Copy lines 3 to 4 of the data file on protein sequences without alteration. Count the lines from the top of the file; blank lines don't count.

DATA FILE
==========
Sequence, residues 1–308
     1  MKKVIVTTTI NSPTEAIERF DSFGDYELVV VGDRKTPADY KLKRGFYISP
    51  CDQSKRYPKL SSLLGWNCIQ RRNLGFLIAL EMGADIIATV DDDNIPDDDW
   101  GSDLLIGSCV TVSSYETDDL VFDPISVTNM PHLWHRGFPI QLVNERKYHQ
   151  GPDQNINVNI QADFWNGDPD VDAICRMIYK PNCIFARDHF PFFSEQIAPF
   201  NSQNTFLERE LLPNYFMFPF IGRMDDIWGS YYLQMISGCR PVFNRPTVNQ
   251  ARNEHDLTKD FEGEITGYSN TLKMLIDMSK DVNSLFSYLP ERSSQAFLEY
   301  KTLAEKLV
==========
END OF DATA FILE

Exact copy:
    51  CDQSKRYPKL SSLLGWNCIQ RRNLGFLIAL EMGADIIATV DDDNIPDDDW
   101  GSDLLIGSCV TVSSYETDDL VFDPISVTNM PHLWHRGFPI QLVNERKYHQ